MARIE CLAIRE: You were born in San Juan, Puerto Rico. What was your childhood like?
MC GONZÁLEZ: I come from a big, extended Latin family. My parents are divorced, and my father remarried. We're very much a modern family—everyone gets along and makes it work. When I was 5, my mother got a job in Connecticut, so we moved. I didn't speak a word of English. I remember getting to school and the teacher talking to me, and it was like, "Wah, wah, wah, wah, wah." I can't tell you how it happened, but all of a sudden I understood English. I'm sure it was a combination of a great teacher, playing outside with kids, and television.
After graduating from Tufts University, you worked at a D.C.-based strategic communications firm for five years. What kind of work did you do?
MCG: I started out as an assistant, which I really enjoyed. As an assistant you get to understand the enterprise from top to bottom. I invited myself to every meeting my boss, a partner, was invited to because I wanted to understand the client work. Over time, other assistants started to do the same thing.
After that, you joined Estée Lauder Companies as director of corporate communications. That's an unusual leap.
MCG: I had finance experience, issues-management experience, crisis-management experience, international experience, but I didn't have beauty experience. Estée Lauder took a risk in hiring me, and I will forever be grateful for that, but I think that's what makes good companies: different points of view at the table.
Have you had mentors?
MCG: I have had several in my career. The important thing about mentorship is that people are candid, right? It's not just about "You can do it!" One of these mentors knew of an opening in the White House and suggested that they reach out to me. This is why I believe in mentorship—it opens doors.
Were you surprised when you got the call?
MCG: I think anyone who isn't surprised by getting a phone call from the White House is BS-ing.
Did the first lady interview you?
MCG: Yes. We talked about everything from my career path to how I thought the media landscape was changing. It never felt like an interview, more like an engaging conversation. I thought I completely screwed it up, that perhaps I was too candid, that I shared too much, the usual interview jitters. But I left thinking, "At least I'll be able to tell my grandkids that I met the first lady of the United States, but I just don't think I'm going to get the job."
What is your schedule like?
MCG: I usually wake up around quarter to 6 and check e-mail and the news. I'm out the door by 8. I like breakfast meetings—people are alert, and you can still start your day on time—so I try to do those two or three times a week. There are a lot of "alignment" meetings: coordinating with other groups in the White House. The cool thing about working here is that you also get to meet with fascinating, creative people who come to you because they believe their ideas or vision are going to improve people's lives—and who wouldn't want to sit through those meetings? I usually head home between 7 and 8. I'll check my BlackBerry right as I walk in the door so I don't have it in front of me with my son, who's 2.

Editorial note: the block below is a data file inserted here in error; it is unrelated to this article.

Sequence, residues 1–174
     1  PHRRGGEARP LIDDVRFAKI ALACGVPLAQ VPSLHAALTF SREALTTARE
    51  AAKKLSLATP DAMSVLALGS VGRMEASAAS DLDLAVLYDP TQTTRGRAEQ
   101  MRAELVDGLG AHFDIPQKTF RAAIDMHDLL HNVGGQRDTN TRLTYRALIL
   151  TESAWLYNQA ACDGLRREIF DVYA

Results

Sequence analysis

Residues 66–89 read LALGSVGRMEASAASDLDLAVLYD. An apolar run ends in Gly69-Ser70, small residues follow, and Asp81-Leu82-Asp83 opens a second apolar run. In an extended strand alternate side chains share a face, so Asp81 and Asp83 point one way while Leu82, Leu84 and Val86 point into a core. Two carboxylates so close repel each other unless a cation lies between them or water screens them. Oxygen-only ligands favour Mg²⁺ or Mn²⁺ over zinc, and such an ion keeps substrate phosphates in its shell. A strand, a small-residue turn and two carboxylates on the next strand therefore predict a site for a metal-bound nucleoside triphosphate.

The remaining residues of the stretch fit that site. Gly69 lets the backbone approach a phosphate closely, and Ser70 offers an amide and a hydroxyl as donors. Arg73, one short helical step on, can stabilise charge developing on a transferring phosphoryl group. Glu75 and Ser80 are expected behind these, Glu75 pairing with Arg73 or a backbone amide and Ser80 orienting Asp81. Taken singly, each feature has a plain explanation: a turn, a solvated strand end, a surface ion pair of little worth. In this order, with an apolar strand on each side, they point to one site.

MC: Did you ever worry that the hours would be too demanding, especially at this level?
MCG: It's not easy. One of the reasons I'm able to do it is because my mother moved to D.C. with us. So, very similar to Mrs. Robinson [Michelle Obama's mother, who lives with the first family]. When this opportunity arose, I didn't want to force my mom into a decision, but I didn't take the job until she said, "Yes, absolutely, we'll all move to D.C." We live in the same building, on different floors. There are boundaries, but, quite frankly, we really rely on each other.
MC: What is the toughest part of your job?
MCG: She is so sought after. So many people want her time to do a keynote or an interview. But you can't accommodate everything and everyone. What you see with this first lady is really what you get.
Describe meeting the president for the first time.
MCG: He was asking me, "Remind me where you came from? What were you doing before this?" He was warm, but he was definitely doing his own due diligence making sure that I was the right fit for his wife.
You're a Hispanic woman. What do you think about the immigration debate?
MCG: I am incredibly proud that I work for a president who hasn't shied away from what is a very difficult issue. This is about being fair and making sure that families are able to stay together, that people who have come to this country and are working very hard for this country are embraced. I also think it's important that young women, and particularly Hispanic young women, understand that they can do anything they want, that if you come here at 5 years old, not speaking a word of English, you could end up working for the first lady of the United States.
On Gonzalez: CH Carolina Herrera Red and Black Short Sleeve Jacquard Dress, $615; 212-744-2076.
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